Colter Bay Village offers authentic log cabins, tent cabins, campsites, and an RV park for guests to choose from.

Nearby, guests can find horseback riding, lake cruises, picnic areas, and horseback riding. In addition, there are 2 restaurants on the property, as well as a gift shop, a service station, and a marina.

Headwaters Lodge and Cabins at Flagg Ranch

Headwaters Lodge and Cabins at Flagg Ranch is located between the entrances of Grand Teton National Park and Yellowstone. This location is nestled right in the trees, where you won’t have cell services or Wi-Fi and can truly unplug from all the distractions of life.

Several adventure activities are available at Headwaters Lodge, including hiking, fly fishing, and scenic horseback riding. The lodge also has complimentary on-site activities such as nature talks, s’mores by the campfire, games, river rafting, and guided lake cruises.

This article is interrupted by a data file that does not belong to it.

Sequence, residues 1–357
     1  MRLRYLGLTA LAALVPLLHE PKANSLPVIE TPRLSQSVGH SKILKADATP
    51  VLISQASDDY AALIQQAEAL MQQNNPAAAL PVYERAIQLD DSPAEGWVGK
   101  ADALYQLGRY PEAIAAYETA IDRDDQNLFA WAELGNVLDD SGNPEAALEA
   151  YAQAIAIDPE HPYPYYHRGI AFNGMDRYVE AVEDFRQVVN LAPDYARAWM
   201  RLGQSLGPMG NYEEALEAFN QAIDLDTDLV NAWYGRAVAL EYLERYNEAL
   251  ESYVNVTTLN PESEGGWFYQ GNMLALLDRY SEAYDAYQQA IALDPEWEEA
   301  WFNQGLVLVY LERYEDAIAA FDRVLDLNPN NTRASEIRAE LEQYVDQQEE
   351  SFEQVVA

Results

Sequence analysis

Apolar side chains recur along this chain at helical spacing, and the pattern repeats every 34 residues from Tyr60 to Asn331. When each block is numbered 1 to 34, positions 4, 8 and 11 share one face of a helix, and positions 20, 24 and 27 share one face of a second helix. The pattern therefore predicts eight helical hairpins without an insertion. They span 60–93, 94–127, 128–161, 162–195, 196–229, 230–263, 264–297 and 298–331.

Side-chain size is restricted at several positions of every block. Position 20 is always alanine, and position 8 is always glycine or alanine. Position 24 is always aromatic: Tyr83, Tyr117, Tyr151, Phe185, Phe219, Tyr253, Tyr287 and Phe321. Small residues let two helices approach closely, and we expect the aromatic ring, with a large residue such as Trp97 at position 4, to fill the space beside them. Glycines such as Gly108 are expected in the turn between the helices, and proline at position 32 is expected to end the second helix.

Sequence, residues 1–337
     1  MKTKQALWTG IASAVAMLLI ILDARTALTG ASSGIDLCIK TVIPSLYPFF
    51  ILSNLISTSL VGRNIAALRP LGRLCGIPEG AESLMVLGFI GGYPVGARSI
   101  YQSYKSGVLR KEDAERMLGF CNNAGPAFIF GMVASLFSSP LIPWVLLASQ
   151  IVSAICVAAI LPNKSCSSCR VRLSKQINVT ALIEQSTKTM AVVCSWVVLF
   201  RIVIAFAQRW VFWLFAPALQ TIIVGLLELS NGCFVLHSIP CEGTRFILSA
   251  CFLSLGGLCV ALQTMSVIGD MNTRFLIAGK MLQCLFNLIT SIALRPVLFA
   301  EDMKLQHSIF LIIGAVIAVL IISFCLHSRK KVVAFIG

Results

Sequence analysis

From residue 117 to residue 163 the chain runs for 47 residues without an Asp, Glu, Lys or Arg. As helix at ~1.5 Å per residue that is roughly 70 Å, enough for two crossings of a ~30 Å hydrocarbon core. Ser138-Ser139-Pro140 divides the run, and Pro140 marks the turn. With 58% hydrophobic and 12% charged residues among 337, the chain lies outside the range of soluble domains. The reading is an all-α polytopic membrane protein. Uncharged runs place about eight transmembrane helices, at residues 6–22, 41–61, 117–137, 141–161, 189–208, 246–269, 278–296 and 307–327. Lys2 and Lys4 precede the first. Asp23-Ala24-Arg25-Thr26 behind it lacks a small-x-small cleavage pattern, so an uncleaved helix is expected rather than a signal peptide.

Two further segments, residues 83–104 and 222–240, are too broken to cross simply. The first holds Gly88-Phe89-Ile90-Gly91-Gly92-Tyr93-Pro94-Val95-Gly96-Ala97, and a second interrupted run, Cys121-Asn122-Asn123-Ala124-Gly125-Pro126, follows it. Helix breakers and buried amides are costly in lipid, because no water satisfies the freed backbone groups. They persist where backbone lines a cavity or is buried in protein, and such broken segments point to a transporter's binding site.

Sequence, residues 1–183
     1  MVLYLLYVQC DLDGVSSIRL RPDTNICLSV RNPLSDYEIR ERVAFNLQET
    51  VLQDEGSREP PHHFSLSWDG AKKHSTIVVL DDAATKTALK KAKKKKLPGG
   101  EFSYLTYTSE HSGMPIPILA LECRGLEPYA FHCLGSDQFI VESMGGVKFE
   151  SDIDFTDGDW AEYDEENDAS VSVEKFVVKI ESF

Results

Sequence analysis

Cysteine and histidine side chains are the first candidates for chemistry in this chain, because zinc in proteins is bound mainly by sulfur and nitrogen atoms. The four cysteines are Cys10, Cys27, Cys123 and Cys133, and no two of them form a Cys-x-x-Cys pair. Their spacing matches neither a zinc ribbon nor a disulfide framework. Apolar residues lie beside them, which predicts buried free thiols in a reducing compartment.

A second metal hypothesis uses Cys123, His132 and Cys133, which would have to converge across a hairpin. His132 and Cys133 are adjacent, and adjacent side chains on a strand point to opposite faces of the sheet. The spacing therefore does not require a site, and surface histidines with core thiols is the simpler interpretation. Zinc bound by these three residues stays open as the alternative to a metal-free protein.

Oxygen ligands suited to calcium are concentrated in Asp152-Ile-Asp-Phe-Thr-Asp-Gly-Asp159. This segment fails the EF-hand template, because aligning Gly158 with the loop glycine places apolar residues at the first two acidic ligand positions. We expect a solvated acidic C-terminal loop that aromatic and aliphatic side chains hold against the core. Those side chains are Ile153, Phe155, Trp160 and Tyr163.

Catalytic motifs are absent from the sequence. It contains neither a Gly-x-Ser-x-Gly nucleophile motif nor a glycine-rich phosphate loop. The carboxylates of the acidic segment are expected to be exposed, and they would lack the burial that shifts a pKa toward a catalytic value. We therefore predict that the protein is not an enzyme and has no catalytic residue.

Other features of Headwaters Lodge and Cabins include a gift shop, a convenience store, and dining options. A favorite restaurant for those seeking a true western experience is Sheffields Restaurant, which serves breakfast, lunch, and dinner each day and has a saloon that serves local brews and spirits at lunch and dinner.

Jackson Lake Lodge

If you are looking for a central location and a wide variety of amenities, Jackson Lake Lodge is an incredible option. This lodge is found in the heart of Grand Teton on a bluff that overlooks Jackson Lake, the Teton Range, and Willow Flats.

The lodge has massive windows that beautifully frame the mountains and surrounding area. Guests can choose one of the 385 rooms on the property, which includes standard rooms, luxury suites, or charming cottages.

Jackson Lake Lodge also has a wonderful dining room that showcases the gorgeous view from every table. This restaurant has a menu with a wide variety of sustainable, organic, free-range, and hormone-free meats and seafood.

Jenny Lake Lodge

Jenny Lake Lodge is a dream location for lodging during your Grand Teton vacation. This exclusive lodge is located at the foot of the Grand Tetons, practically hidden under the giant spruces.